Wednesday, April 13, 2016

The importance of creation

Creating stories was a part of my life since a very young age. As a little girl of five or six I had this habit of telling stories to whoever cared to listen. Most of these stories were made on the spot or were a mixture of stuff I read. Mostly unsuspecting aunts and uncles became a victim of these sessions. Some, like my dear youngest Chacha Jeff, encouraged me immensely and I distinctly remember sitting in my eldest phuppi's big living room, telling some spur-of-the-moment-created story to him.

The love for reading came at a very early age too. It seems I was born with it. Maybe the reading genes of all my ancestors from both my parents' sides came into me. And of course, when a person is a reader, he/she naturally wants to write. 

Although the love for stories and storytelling was something I identified with at a very young age, the ability to transfer that onto paper was something I failed at. I've been thinking about this for a while now. Writers create stories from fragments of life around them. Some stories come from experience, others from observation, and some from a combination of both. Sometimes a certain setting inspires a story, at other times a memory. One of the first stories I wrote, and that too for a writing competition in school, was about the pets of my friend and neighbour who also happened to be in the same class as myself. In the story the pets, two rabbits, drowned. The story almost won, I forget why. However, I was asked to read it out to the entire school, which I did and found myself at the receiving end from my friend. In fact, he was so upset that I had killed his pets (even if in a story) that he said something like I deserved not to win.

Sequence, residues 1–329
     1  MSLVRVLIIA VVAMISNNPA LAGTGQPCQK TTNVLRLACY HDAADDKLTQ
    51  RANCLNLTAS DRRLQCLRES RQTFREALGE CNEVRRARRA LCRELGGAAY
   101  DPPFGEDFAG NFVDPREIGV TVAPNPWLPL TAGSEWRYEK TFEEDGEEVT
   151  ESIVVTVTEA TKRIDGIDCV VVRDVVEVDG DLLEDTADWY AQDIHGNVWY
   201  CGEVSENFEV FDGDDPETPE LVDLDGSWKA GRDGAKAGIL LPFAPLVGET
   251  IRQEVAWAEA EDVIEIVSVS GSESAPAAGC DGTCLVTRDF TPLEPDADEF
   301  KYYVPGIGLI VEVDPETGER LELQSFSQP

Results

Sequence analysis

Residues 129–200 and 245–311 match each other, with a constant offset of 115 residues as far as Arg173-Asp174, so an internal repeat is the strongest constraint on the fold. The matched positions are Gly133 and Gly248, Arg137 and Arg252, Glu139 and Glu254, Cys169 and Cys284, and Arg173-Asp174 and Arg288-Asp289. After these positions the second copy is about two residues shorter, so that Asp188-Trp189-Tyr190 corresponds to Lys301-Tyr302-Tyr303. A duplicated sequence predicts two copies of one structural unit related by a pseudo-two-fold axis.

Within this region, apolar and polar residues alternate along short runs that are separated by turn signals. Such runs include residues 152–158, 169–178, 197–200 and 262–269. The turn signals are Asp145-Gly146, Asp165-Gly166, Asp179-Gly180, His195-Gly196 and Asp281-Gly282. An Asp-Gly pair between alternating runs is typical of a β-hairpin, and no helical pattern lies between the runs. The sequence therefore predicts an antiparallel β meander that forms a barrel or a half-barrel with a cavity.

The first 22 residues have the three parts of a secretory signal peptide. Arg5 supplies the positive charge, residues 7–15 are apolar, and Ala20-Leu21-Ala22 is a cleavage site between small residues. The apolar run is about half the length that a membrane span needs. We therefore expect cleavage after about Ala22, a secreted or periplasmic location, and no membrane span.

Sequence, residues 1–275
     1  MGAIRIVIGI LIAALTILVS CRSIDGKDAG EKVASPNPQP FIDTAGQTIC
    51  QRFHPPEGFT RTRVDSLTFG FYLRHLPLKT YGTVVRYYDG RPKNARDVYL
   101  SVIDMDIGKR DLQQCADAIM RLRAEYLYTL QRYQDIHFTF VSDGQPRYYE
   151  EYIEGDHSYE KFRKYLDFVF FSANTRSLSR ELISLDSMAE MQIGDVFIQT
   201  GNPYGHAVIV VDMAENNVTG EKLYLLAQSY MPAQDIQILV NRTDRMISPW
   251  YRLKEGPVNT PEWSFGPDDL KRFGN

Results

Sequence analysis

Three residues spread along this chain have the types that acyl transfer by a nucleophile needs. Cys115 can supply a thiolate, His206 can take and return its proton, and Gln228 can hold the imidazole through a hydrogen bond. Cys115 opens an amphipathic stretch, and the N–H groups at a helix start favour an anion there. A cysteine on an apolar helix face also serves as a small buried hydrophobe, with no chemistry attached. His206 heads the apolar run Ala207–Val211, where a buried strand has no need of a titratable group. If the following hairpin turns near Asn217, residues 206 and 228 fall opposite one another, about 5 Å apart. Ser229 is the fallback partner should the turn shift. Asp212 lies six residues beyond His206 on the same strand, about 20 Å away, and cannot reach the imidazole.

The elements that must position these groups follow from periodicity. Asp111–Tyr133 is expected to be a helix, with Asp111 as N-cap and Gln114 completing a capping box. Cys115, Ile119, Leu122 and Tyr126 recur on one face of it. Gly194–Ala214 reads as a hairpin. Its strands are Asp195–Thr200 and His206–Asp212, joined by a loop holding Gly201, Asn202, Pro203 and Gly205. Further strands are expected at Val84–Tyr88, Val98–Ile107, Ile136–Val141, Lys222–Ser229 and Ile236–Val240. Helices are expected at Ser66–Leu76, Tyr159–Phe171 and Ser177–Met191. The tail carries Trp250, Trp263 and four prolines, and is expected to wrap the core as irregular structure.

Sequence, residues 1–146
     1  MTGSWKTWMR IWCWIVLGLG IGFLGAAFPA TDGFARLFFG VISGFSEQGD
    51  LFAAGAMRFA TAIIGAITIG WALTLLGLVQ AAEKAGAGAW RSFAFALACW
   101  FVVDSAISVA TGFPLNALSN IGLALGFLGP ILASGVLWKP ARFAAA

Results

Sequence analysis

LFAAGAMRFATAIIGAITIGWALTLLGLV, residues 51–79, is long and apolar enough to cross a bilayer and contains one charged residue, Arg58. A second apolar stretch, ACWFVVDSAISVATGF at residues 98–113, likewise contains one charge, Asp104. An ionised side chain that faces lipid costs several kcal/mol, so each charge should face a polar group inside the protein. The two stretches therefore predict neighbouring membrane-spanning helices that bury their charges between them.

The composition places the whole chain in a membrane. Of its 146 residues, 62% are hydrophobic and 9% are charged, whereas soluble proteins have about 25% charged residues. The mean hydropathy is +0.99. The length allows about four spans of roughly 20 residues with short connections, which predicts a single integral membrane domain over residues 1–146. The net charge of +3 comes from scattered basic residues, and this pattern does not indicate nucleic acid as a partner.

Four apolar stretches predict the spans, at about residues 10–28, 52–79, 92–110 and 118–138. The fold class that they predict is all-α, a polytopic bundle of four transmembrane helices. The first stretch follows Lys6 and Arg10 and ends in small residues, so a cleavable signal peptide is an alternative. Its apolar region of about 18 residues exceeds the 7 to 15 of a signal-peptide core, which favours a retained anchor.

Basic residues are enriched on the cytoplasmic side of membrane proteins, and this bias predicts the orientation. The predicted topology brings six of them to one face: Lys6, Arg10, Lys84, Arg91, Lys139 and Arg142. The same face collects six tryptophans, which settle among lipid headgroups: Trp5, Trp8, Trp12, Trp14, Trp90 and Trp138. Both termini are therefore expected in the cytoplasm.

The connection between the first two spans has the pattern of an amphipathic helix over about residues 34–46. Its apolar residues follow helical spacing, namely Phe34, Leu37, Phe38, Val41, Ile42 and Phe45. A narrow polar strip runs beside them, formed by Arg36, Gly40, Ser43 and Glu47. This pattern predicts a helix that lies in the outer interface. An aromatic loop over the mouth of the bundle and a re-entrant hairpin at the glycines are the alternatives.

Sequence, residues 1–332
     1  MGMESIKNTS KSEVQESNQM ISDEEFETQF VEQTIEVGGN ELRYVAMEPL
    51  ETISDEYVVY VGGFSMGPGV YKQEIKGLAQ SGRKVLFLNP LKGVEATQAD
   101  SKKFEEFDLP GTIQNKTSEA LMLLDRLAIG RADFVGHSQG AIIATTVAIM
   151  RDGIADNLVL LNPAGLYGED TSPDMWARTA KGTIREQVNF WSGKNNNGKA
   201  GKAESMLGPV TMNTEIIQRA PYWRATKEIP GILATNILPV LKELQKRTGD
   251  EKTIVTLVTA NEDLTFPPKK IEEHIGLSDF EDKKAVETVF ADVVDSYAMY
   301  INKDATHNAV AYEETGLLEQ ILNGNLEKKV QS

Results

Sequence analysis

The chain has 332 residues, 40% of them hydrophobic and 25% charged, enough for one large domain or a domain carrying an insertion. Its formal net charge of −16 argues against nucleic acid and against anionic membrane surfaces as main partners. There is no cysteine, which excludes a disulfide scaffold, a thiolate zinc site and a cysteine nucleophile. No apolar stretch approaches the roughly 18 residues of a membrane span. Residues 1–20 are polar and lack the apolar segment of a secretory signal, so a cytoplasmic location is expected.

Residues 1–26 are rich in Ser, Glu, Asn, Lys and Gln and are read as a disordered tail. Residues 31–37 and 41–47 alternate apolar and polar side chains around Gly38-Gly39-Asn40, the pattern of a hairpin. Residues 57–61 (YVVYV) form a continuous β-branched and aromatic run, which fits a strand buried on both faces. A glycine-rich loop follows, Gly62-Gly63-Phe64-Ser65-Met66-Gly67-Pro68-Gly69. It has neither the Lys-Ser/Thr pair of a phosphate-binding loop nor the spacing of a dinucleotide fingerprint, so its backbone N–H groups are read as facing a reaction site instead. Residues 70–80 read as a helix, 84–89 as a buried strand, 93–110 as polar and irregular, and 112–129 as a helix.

That hurt. 

Maybe it's that fear of hurting others or more importantly, being judged for what I write, that has held me back. There is this thought, always, at the back of my mind about the audience, whether it is the unknown reader or the friend. 

This fear, more than anything, is what had crippled me as a writer. It is still very much present, filling me with doubts and anxiety. Nobody will read your work. The world doesn't need your stories, it has better ones out there. The truth is that yes, there are better stories out there and yes, maybe no one will ever read my work. But that doesn't mean I stop the process of creation. After all these years, and more recently, weeks of agonising over this, I've realised that I need to create. For myself. I have to write what I want to read. I have to write without shame, judgment and fear. And most importantly, I have to write because I do think I have a story to tell. 

Friday, April 1, 2016

London musings

"Stop staring. What are you looking at? The lines on my forehead? My arched brows? My long wrinkled neck? Are you admiring my aquiline features? Look into my eyes. These eyes have seen so many like you pass me by day after day. Some of you laugh, others stare and a few take pictures. I like it, the distraction, because most of the times I'm staring at Jean Dubuffet's 'The Busy Life', which features five grotesque figures as you can see for yourself. Now you understand what I go through? Wait! Where are you going? Oh yes, stare at the 'Four Figurines on a Base', my husband's memory of a Paris brothel. I have this in my view also. And the thoughts that go in my head when I see this, you can't even imagine. Go ahead! Admire his work. Are you leaving? Already? But I have so much to tell you. Wait!"

[I visited London in 2011 and one of my favourite activity was going to the museums and making notes on how I felt when I saw a work of art that fascinated me. This was written on a trip to Tate Modern. I came across it while combing through old notebooks yesterday.]

Image: Google